Sore Gums. Why do they hurt?
What causes sore gums? What can you do about it?
Sore gums are a sore subject to many people. The gums are already a fairly sensitive area of your mouth, add extra stimuli to them and they can get pretty sore, pretty fast.
So what causes sore gums? Well, several obvious things could be in play here. Eating hot foods will cause your gums to be sore, trauma to the gums, incorrect flossing and brushing (brushing and flossing with too much force), food stuck in your gums etc. All of these aforementioned things could give you some pretty sore gums. But the effects of these are usually fairly temporary. There is a much more insidious cause of sore gums which I’ll go into.
Sore gums can come from simple external factors as mentioned above but is more commonly the cause of varying degrees of gum disease. I’ve written about gum disease several different times in the past, because of the importance of knowing about it and what it does.
Gum disease is essentially infection in your gums. It’s caused by bacteria build up on and around your teeth. The bacteria, in it’s effort to stay alive in your mouth, eats the food particles remaining on your teeth and around them. The combination of the food particles, your saliva, the bacteria, and their waste produces plaque. The plaque wreaks havoc on your teeth and gums. Causing your teeth to decay because of the acidic properties of the plaque, and causes your gums to become infected. When your gums become infected they become inflamed and puffy. They turn very red and sensitive, they may bleed upon flossing and brushing your teeth and, in general, be sore. The above symptoms are the beginning stages of gum disease, and it’s called gingivitis. Gingivitis can get more advanced and turn into full-fledged gum disease. This is where, due to your bodies reaction to infected parts of the body, your gums begin to pull away from what your body thinks is causing the infection, your TEETH! Your body will actually start attempting to eject your infected teeth, bone will resorb (essentially, dissolve), and the gums will keep pulling away until your teeth are loose and come out. That is the very advanced form of gum disease and it’s not pretty. Advanced gum disease can also cause several other health problems if left untreated.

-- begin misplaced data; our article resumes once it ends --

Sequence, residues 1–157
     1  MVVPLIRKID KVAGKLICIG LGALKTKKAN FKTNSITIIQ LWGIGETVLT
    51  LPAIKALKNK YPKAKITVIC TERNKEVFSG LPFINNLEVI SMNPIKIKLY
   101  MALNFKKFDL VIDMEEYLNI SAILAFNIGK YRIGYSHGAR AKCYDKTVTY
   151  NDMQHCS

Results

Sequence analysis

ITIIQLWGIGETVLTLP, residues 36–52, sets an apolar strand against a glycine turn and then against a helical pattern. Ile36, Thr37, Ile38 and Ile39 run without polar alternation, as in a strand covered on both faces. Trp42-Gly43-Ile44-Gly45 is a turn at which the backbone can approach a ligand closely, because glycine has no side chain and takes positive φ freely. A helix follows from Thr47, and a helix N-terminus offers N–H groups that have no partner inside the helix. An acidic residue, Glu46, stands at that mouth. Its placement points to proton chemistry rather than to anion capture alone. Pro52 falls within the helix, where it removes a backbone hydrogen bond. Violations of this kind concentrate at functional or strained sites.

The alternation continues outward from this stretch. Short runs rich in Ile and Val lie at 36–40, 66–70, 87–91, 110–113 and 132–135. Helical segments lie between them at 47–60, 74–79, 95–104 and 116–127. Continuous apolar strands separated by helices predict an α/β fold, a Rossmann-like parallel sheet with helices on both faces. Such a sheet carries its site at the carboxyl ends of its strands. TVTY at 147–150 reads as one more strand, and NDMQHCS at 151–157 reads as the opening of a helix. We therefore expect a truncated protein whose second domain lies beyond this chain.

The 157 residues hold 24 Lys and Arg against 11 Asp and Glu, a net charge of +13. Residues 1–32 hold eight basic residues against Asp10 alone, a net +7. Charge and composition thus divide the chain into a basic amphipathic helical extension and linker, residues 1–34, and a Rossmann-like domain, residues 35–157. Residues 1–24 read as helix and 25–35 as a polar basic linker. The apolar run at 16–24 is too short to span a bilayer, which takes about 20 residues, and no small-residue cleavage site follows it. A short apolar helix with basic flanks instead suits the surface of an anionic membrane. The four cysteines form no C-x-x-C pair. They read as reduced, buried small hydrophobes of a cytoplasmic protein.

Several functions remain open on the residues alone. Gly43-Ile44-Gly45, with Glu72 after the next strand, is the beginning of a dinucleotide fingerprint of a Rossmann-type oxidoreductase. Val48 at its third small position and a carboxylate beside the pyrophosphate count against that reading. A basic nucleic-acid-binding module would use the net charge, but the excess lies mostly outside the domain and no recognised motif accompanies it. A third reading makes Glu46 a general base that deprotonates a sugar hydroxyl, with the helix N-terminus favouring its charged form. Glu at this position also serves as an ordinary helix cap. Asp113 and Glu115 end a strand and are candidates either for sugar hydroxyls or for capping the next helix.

As you can see, sore gums can be quite a good indication of infection and the need for it to be taken care of. Gums don’t bleed usually if you are just brushing and flossing properly. Bleeding and sore gums indicate infection in the area and the need for them to get cleaned and taken care of.
What can you do?
Regular cleanings at your dentist are done to help prevent the above from happening. If you have sore gums, and it’s been fairly persistent, you should definitely go to the dentist to get it checked out. The longer your gums remain infected the more damage the bacteria, and your bodies reaction to it, can create problems.
Brush your teeth twice daily, once in the morning, and once again before you go to bed. Floss at least once a day, drink water (stay hydrated) and use alcohol-free mouth rinse (this will help prevent your mouth from getting too dry, bacteria love dry-mouth).
Basically, if you have sore gums and it’s been persistent, you should have it looked at by your dentist, especially if it’s been a long time since you’ve been to see them.
Stay healthy my friends. Take care of your oral health!